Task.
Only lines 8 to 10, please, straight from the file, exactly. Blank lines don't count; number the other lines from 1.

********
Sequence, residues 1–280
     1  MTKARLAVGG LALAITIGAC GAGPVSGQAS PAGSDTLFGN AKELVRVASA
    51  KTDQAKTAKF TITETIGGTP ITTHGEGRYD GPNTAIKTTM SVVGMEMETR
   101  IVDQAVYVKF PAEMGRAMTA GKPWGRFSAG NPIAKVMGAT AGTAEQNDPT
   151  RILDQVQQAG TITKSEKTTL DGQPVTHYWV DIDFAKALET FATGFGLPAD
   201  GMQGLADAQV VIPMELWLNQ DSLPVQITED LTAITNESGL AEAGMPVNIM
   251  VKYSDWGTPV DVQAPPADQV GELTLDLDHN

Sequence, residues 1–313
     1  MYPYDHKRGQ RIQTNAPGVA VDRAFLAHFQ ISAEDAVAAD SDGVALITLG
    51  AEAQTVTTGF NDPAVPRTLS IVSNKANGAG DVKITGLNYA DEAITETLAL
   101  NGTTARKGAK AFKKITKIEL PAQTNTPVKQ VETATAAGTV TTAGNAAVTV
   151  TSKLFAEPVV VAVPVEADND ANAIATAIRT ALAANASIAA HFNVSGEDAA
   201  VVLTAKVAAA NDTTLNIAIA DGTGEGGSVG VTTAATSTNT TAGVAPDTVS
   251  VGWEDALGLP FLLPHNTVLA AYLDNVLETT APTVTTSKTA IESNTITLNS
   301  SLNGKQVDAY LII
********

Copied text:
Sequence, residues 1–313
     1  MYPYDHKRGQ RIQTNAPGVA VDRAFLAHFQ ISAEDAVAAD SDGVALITLG
    51  AEAQTVTTGF NDPAVPRTLS IVSNKANGAG DVKITGLNYA DEAITETLAL